COROLLARY: RED HERRINGS ARE OVERRATED
Red herrings are a classic element of the mystery genre: All the evidence points towards X, but its a red herring! The real murderer is Y!
When it comes to designing a scenario for an RPG, however, red herrings are overrated. I’m not going to go so far as to say that you should never use them, but I will go so far as to say that you should only use them with extreme caution.
There are two reasons for this:
First, getting the players to make the deductions they’re supposed to make is hard enough. Throwing in a red herring just makes it all the harder. More importantly, however, once the players have reached a conclusion they’ll tend to latch onto it. It can be extremely difficult to convince them to let it go and re-assess the evidence. (One of the ways to make a red herring work is to make sure that there will be an absolutely incontrovertible refutation of it: For example, the murders continue even after the PCs arrest a suspect. Unfortunately, what your concept of an “incontrovertible refutation” may hold just as much water as your concept of a “really obvious clue that cannot be missed.)
Second, there’s really no need for you to make up a red herring: The players are almost certainly going to take care of it for you. If you fill your adventure with nothing but clues pointing conclusively and decisively at the real killer, I can virtually guarantee you that the players will become suspicious of at least three other people before they figure out who’s really behind it all. They will become very attached to these suspicions and begin weaving complicated theories explaining how the evidence they have fits the suspect they want.
In other words, the big trick in designing a mystery scenario is to try to avoid a car wreck. Throwing red herrings into the mix is like boozing the players before putting them behind the wheel of the car.
COROLLARY: NOTHING IS FOOLPROOF
You’ve carefully laid out a scenario in which there are multiple paths to the solution with each step along each path supported by dozens of clues. You’ve even got a couple of proactive backup plans designed to get the PCs back on track if things should go awry.
Nothing could possibly go wrong!
… why do you even saying things like that?
The truth is that you are either a mouse or a man and, sooner or later, your plans are going to go awry. When that happens, you’re going to want to be prepared for the possibility of spinning out new backup plans on the fly.
Here’s a quote from an excellent essay by Ben Robbins:
Normal weapons can’t kill the zombies. MicroMan doesn’t trust Captain Fury. The lake monster is really Old Man Wiggins in a rubber mask.
These are Revelations. They are things you want the players to find out so that they can make good choices or just understand what is going on in the game. Revelations advance the plot and make the game dramatically interesting. If the players don’t find them out (or don’t find them out at the right time) they can mess up your game.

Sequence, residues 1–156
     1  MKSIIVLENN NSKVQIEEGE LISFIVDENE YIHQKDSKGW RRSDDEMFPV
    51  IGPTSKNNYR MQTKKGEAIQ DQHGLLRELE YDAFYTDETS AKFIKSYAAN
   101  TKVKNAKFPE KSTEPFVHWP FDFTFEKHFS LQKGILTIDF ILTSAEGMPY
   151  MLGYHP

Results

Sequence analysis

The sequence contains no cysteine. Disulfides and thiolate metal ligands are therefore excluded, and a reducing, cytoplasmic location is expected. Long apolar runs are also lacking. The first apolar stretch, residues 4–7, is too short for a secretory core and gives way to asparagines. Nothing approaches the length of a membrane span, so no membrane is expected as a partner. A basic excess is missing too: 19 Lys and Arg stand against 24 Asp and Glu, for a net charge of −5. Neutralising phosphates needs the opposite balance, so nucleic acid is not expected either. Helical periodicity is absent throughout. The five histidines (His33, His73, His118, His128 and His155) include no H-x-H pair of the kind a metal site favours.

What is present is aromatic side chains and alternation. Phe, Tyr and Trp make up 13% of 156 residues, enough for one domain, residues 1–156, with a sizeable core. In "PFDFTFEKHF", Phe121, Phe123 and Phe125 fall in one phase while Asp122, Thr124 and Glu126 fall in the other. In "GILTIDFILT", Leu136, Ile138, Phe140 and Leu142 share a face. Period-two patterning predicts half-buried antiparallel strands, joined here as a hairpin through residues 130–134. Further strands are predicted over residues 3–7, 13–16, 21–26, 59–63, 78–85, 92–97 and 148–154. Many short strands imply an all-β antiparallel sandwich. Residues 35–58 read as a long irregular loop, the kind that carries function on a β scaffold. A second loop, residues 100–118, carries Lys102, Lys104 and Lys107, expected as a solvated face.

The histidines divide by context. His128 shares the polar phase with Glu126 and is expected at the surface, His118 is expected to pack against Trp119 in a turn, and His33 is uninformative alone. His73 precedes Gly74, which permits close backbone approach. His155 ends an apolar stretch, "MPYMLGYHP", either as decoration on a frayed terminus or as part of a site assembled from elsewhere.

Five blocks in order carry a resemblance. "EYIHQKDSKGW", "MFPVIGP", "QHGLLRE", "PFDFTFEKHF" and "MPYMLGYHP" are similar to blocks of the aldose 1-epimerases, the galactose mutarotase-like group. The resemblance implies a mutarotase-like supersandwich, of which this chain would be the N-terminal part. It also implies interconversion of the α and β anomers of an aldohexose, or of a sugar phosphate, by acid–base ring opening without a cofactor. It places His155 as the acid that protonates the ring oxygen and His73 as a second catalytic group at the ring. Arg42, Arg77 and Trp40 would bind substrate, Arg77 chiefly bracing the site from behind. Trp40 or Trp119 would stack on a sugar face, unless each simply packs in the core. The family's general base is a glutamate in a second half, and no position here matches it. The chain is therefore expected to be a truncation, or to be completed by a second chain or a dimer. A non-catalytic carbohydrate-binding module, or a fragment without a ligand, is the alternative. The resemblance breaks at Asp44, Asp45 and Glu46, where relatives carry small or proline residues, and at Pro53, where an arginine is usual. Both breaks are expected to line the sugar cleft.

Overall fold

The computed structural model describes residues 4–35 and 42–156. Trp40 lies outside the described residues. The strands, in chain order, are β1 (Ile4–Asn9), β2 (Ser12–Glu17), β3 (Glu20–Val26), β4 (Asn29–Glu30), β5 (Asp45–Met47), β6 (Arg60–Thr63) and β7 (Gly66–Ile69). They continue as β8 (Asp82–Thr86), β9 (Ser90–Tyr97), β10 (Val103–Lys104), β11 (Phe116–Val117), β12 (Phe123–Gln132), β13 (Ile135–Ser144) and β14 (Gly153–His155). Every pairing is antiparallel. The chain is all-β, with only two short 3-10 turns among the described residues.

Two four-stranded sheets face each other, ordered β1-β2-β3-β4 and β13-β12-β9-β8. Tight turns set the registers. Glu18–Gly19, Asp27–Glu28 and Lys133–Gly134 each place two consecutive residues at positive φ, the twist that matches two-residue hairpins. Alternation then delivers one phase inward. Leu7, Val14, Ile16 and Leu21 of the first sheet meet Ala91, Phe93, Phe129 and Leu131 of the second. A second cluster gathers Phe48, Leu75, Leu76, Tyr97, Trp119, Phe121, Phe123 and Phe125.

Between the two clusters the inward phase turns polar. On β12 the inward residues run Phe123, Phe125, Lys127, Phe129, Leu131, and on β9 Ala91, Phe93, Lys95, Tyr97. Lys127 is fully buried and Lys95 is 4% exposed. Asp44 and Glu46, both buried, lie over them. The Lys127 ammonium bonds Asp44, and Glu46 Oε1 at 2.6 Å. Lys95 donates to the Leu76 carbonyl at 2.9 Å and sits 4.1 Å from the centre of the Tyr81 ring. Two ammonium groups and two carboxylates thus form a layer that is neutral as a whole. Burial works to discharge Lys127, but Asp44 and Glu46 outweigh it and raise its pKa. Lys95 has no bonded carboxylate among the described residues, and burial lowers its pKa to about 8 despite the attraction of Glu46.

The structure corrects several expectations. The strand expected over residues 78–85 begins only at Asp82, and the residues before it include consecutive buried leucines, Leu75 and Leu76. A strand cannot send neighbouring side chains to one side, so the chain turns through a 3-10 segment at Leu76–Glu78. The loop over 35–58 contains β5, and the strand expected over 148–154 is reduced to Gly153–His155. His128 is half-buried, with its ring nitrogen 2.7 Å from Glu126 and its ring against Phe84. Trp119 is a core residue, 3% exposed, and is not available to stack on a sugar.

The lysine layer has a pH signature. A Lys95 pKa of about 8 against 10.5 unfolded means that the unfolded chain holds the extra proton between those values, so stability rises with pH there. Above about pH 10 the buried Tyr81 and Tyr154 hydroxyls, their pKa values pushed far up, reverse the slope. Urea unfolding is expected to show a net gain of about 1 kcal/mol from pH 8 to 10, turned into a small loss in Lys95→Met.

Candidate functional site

I recommend this essay highly. It says pretty much everything I was planning to include in my discussion of this final corollary, so I’m not going to waste my time rephrasing something that’s already been written so well. Instead, I’ll satisfy myself by just quoting this piece of advice from it:
Write Your Revelations: Writing out your revelations ahead of time shows you how the game is going to flow. Once play starts things can get a little hectic – you may accidentally have the evil mastermind show up and deliver his ultimatum and stomp off again without remembering to drop that one key hint that leads the heroes to his base. If you’re lucky you recognize the omission and can backtrack. If you’re unlucky you don’t notice it at all, and you spend the rest of the game wondering why the players have such a different idea of what is going on than you do.
As we’ve discussed, one way to avoid this type of problem is to avoid having “one key hint” on which the adventure hinges. But the advice of “writing out your revelations ahead of time” is an excellent one. As Robbins says, this “should be a checklist or a trigger, not the whole explanation”.
What I recommend is listing each conclusion you want the players to reach. Under each conclusion, list every clue that might lead them to that conclusion. (This can also serve as a good design checklist to make sure you’ve got enough clues supporting every conclusion.) As the PCs receive the clues, check them off. (This lets you see, at a glance, if there are areas where the PCs are missing too many clues.)
Finally, listen carefully to what the players are saying to each other. When they’ve actually reached a particular conclusion, you can check the whole conclusion off your list. (Be careful not to check it off as soon as they consider it as a possibility. Only check it off once they’ve actually concluded that it’s true.)
If you see that too many clues for a conclusion are being missed, or that all the clues have been found but the players still haven’t figured it out, then you’ll know it’s probably time to start thinking about new clues that can be worked into the adventure.
THE FINAL WORD
Basically, what all of this boils down to is simple: Plan multiple paths to success. Encourage player ingenuity. Give yourself a failsafe.
And remember the Three Clue Rule:
For any conclusion you want the PCs to make, include at least three clues.